This book explores the interface between musicological and sociological approaches to the analysis of music, and in doing so reveals the differing foundations of cultural studies and sociological perspectives more generally. Building on the arguments of his earlier book Sounds and society, the author initially contrasts text-based attempts to develop a ‘social’ analysis of music with sociological studies of musical activities in real cultural and institutional contexts. It is argued that the difficulties encountered by some of the ‘new’ musicologists in their efforts to introduce a social dimension to their work are often a result of their unfamiliarity with contemporary sociological discourse. Just as linguistic studies have moved from a concern with the meaning of words to a focus on how they are used, a sociological perspective directs our attention towards the ways in which the production and reception of music inevitably involve the collaborative activities of real people in particular times and places. The social meanings and significance of music, therefore, cannot be disclosed by analysis of the ‘texts’ alone, but only through the examination of the ways in which music is a constituent part of real social settings. This theme is developed through discussions of music in relation to processes of social stratification, the collaborative activities of improvising musicians, music as language, music as a ‘cultural object’ and music in everyday social situations.
This chapter considers a general movement in which the collective concepts established by the early pioneers of modern sociological thought have been reconsidered in the light of both theoretical critique and empirical results. Max Weber wishes to separate the sociological from other perspectives, and thus to establish its distinctiveness as a rigorous mode of analysis. It may be useful, for example for legal reasons, to treat collectivities such as 'states, associations, business corporations and foundations' as if they were individual persons. The chapter argues that the quest for 'sociological knowledge', the collective concepts which were developed in the early phase of modern sociological thought have been found to be theoretically and empirically problematic. It discusses some of the 'collective concepts' central to the conventional sociological discourse is a reformulation of these in terms of general processes of symbolic representation and of enactment.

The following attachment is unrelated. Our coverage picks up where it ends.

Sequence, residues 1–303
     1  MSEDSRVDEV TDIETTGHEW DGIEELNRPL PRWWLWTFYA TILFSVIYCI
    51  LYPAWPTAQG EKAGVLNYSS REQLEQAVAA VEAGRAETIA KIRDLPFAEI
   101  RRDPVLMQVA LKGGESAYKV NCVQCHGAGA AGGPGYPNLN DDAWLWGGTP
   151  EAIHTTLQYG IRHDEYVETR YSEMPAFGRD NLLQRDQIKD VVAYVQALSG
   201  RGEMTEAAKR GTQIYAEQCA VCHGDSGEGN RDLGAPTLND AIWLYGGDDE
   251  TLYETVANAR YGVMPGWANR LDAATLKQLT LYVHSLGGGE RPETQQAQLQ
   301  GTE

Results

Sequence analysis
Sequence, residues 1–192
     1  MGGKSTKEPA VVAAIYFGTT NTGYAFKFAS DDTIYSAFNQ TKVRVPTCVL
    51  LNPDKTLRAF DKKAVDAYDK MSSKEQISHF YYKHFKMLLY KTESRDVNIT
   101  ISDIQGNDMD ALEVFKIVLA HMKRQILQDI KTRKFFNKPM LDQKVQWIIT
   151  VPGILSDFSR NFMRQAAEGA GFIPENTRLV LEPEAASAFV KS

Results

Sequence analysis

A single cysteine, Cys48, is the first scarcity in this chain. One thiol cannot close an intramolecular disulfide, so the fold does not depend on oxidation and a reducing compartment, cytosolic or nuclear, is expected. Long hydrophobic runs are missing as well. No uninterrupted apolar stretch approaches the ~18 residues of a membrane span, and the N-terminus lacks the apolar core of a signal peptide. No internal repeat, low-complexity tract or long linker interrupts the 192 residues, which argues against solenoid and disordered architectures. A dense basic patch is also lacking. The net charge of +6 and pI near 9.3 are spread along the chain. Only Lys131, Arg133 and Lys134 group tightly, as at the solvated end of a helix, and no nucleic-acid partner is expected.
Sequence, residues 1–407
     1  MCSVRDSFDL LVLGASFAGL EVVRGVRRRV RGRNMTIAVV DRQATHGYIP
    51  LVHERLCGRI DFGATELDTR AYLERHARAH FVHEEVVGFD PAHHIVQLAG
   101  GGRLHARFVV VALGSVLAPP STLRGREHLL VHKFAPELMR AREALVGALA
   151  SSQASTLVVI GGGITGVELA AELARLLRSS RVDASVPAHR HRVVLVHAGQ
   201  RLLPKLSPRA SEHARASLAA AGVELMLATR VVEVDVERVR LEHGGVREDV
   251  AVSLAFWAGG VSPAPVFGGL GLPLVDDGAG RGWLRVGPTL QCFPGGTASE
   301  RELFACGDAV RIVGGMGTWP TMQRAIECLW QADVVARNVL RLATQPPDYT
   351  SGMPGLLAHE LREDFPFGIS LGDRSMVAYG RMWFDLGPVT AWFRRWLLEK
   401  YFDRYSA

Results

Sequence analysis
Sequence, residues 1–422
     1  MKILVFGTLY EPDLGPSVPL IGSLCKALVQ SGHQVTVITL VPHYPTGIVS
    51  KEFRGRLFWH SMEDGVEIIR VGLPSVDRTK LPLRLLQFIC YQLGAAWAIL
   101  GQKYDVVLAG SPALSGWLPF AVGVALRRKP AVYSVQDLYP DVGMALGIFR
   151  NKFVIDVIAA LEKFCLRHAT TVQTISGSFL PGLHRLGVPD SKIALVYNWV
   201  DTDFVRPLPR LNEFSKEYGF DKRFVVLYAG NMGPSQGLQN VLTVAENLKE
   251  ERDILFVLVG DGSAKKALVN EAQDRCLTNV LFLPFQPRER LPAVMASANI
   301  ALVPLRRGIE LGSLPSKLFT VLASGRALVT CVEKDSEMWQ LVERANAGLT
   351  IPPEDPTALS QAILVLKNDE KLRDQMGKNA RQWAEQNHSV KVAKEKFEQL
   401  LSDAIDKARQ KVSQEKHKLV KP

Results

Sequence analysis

Since the mid-1990s, the distinctiveness of a sociological approach to music has become increasingly apparent. This chapter notes that the primary focus of this specifically sociological ‘gaze’ is a concern with examining the various ways in which music is used in a whole range of social situations, and the consequences of this. Sociologists have, with increasing confidence, investigated the use of music by real people in real situations, thus moving away from a concern with revealing the meaning of musical texts. A sociological concern with the uses of music seeks to return such cultural objects to the social contexts in which they are produced and experienced.
Sociology, like music, is a fragmented field. Just as people attach themselves to ‘old’ and ‘new’ musicological work, so there are old and new sociologies, with the latter tending to reject ‘structural’ explanations in favour of approaches which understand patterns of social organisation as the outcome of collaborative interactional practices. This chapter suggests some of the ways in which the agenda of the sociology of music may differ from that of musicology, but yet make a distinctive contribution to the understanding of musical practices in their cultural contexts.